Their patriotic actions were multiplied throughout Britain for by 1941 there were over a million members of the WVS. Although few were called to drive horses and carts, many drove hospital cars, manned rest centres, issued vital supplies, cooked meals and generally gave valuable service where and when needed. When they returned home tired after duty and danger there was yet more duty to be done; picking up the knitting needles to knit blanket squares for refugees or balaclavas for our boys at the front.

"Civilians and service people alike came to know and respect this devoted body of women volunteers which proved such a useful and integral part of the national life that it was decided to continue their organisation after the war ended".

So said the Grimsby Evening Telegraph in 1948. What was there to do for the Laceby WVS after the war? Well, they organised a collection of rose hips from the hedgerows to make syrup providing vitamin C for Children, make-do-and-mend classes were great fun, food from abroad was distributed to the needy and on production of a 2d coupon old clothing was exchanged for newer items.

In the 1950's, due to the cold war their work moved again towards civil defence. Courses were organised in the school and over the next 10 years women were trained in first aid, rescue, outdoor cookery, building and using a trench cooker. They were sent on emergency exercises with other groups at Market Rasen and Scunthorpe.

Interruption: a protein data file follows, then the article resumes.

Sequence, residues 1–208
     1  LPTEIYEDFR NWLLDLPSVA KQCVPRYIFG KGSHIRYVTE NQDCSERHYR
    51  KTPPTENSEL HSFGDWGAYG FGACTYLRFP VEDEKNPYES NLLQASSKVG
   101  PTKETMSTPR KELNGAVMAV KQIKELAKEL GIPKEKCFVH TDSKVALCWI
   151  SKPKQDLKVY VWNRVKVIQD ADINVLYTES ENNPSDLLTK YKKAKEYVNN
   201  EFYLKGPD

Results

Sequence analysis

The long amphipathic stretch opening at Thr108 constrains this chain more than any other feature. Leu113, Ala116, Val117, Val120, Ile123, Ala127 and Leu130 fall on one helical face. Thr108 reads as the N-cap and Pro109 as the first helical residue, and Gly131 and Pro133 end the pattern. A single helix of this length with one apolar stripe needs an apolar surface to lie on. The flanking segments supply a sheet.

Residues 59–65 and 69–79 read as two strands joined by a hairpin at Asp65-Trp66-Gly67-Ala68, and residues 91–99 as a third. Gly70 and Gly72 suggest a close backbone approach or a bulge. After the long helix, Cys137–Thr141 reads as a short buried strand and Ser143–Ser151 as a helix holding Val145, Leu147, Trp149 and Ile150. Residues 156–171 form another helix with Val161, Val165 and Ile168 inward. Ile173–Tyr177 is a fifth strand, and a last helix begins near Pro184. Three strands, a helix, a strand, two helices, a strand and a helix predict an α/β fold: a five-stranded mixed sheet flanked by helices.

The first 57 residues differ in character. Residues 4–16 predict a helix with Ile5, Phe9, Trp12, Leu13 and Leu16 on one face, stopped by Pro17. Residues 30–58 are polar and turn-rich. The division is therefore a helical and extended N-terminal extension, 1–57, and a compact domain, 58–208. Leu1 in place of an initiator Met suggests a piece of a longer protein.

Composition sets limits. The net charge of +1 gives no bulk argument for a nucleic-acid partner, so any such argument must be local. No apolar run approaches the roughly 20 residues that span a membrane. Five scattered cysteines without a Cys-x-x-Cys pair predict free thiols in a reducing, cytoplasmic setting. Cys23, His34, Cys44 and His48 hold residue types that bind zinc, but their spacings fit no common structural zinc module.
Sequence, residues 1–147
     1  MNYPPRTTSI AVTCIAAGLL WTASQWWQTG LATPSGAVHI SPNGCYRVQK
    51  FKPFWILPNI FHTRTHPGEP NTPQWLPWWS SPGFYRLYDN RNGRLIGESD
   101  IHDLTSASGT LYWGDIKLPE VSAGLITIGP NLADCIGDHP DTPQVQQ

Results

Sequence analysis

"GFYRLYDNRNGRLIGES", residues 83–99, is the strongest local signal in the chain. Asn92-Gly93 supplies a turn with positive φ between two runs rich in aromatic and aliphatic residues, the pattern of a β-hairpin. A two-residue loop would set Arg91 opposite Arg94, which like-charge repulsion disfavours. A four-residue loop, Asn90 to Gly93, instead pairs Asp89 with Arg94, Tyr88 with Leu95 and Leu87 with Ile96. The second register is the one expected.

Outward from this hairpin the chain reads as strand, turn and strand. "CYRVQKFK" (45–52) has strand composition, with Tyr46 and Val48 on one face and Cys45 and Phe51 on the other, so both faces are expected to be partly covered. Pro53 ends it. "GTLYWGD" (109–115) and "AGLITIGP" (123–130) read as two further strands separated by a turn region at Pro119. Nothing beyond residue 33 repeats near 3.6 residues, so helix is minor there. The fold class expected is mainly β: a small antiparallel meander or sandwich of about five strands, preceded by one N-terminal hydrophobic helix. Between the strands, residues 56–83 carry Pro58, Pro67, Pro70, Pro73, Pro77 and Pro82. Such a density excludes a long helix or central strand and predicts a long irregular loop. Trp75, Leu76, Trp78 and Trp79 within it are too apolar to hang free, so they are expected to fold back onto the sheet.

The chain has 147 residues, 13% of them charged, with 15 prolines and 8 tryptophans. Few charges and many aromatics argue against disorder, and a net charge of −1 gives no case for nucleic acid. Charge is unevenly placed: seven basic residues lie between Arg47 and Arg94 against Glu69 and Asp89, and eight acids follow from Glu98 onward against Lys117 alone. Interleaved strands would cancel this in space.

On the 25th anniversary of the movement in 1963 the Queen granted a Royal Charter in recognition of the outstanding efforts and achievements of the ladies.

So now the WRVS in Laceby set to with renewed spirits and under Mrs. Rowson's direction knitted layettes for babies which on completion were mainly sent to India and vests for African children. When the Kenyan Asians were billeted at RAF Hemswell Laceby WRVS ladies were involved in providing food and clothing for them. Some Nottingham children were given holidays in the village being brought from the city by WRVS volunteer drivers. Host families could claim a very small grant to help with the expenses and during their week's stay in Laceby had the time of their lives; some seeing the sea at Cleethorpes for the very first time and one girl remarking it was the first time she had ever run barefoot on grass! Mrs. Rowson had carefully matched hosts to visiting children and the successful scheme lasted many years, some children still visiting their Laceby friends long after the WRVS scheme had run its course.